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The Last of the Horse Roundups
 By Saferaphus   •   29th Aug 2017   •   310 views   •   0 comments
Wild horse roundups may be reminiscent of the old west but they still take place today although they may not happen for the same reason as they did back before the turn of the 20th century. Today, roundups may have more to do with maintaining herd health than finding horses for work. Here is where you can go to see wild horse roundups around the world.



North America
Roundups of Mustangs and free-roaming horses happen in both Canada and the U.S.A. Areas like Theodore Roosevelt Park are home to bison and a small herd of horses. Both are occasionally gathered to keep their numbers at healthy levels for the local environment. Every few years a roundup of the horses is done, and a small number is culled from the herd. Ideally, these will be adopted to homes, but the park management admits that in the past some of the horses have ended up with meat dealers. They’ve also come under attack for using helicopters to gather the horses. The park tries to maintain the number of horses to just over one hundred.

The Bureau of Land Management (BLM) conducts several round ups and tries to rehome horses throughout the mid-west. This year roundups have occurred in the Battle Mountain District and Cedar Mountain areas. Both welcomed the public to witness the event.

The pony swims between the islands of Chincoteague and Assateague is one of the more famous roundups. The ponies are gathered and swum across the channel between the two islands. Their health is checked, and young ponies are culled from the herd and sold at auction. This is a popular tourist attraction, and if you’d like to attend you should plan well ahead for accommodation.

Spain
Every July in the northwest corner of Spain, the people of Galicia round up horses from pastures in the Galician Mountains. Rapa das Bestas, or Capture of the Beasts is a roundup of the sturdy native Galician horses. Ranchers let their horses graze in the hill pastures, and towards the end of the summer, round them up. Traditionally, once corralled their manes and tails were cut to be sold as furniture stuffing and stiffening textiles for clothing and some sold as meat. But today, the local ranchers check their stock for disease, vaccinate them, brand new foals, and set them free again.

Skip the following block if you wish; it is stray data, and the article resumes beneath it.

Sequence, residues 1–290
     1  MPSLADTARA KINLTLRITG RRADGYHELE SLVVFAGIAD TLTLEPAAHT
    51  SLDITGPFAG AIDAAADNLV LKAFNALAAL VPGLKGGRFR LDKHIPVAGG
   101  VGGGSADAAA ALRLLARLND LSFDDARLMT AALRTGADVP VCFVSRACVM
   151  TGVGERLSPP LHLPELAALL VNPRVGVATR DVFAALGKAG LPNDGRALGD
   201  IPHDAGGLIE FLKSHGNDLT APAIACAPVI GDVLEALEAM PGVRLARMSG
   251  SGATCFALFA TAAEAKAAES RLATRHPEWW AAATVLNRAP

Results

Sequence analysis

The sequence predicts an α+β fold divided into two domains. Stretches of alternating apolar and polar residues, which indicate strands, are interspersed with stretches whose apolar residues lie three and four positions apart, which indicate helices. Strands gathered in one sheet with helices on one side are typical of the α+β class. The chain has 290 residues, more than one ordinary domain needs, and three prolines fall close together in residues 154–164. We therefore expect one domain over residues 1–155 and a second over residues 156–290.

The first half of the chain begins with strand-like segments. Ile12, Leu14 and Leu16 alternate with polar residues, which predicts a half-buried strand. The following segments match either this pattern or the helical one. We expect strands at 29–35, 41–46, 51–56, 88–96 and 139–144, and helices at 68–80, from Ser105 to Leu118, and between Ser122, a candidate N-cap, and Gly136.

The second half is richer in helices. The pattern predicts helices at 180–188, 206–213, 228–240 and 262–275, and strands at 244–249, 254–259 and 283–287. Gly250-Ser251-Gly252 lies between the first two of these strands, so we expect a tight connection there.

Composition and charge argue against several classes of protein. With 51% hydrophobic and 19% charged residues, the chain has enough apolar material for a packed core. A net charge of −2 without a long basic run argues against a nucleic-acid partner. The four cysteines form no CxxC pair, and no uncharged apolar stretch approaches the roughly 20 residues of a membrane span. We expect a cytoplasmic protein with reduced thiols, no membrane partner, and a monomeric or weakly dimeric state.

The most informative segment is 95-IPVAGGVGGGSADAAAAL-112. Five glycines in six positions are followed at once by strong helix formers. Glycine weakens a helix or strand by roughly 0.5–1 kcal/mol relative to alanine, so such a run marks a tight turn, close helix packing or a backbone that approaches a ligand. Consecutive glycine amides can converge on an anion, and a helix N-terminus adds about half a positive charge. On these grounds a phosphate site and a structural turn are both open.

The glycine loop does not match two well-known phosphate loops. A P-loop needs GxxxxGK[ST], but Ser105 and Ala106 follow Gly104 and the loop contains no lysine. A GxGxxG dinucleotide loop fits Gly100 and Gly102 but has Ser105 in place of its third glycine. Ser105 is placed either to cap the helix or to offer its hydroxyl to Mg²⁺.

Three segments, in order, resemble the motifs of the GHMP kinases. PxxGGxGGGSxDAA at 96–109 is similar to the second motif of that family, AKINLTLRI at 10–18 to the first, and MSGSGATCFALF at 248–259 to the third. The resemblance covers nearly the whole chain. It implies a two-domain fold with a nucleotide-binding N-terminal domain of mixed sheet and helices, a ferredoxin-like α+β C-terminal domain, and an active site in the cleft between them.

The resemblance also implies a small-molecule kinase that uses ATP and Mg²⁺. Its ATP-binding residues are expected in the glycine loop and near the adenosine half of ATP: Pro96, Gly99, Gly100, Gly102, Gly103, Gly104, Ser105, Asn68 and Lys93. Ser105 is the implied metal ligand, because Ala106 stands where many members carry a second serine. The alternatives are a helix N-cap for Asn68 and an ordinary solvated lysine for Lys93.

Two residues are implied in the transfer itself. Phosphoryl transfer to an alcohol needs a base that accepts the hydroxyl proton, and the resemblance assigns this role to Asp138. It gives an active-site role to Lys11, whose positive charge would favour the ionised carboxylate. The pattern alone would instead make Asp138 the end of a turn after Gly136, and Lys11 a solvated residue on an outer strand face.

They are recognized as an important part of the ecosystem as they trim down plants that other livestock will not eat. This trimming of the undergrowth the locals believe is an effective way to reduce the possibility of wildfires. In some areas, the Galician roundups are a tourist spectacle drawing thousands of people. In others, smaller herds are maintained, and attract only local spectators.

Iceland
Icelandic Horse are tough and fun to ride. Horse owners in Iceland let their horses graze in the mountains during the summer months. As the weather starts to turn colder, they round them up for keeping closer to home. These roundups are tourist attractions and many tours are offered to witness the spectacle on horseback during the months of September and October.

Dulmen Germany
In the Dulmen region of Germany, on the last Saturday in May, the last native German pony herd is rounded up. Once caught, the stallions are removed from the herd. The foals are separated from their dams and auctioned off. The event draws thousands of spectators to watch what is called the "trapping" of this herd of about 300 wild horses.

Australia
There are several herds of wild horses in Australia, known as brumbies. In many places, they are mustered and the herds culled with horses being sold as work or pleasure horses. Horses are herded together by helicopter, which of course comes under criticism from animal rights activities and by passive trapping. Passive trapping is when horses enter pens to get at water, food or salt licks. There is a lot of controversy in Australia about the role of the brumbies and culling can mean the end of a horse's life. But there are activists who encourage adoption and once gentled and trained, many of these horses make excellent pleasure, show, and working horses.
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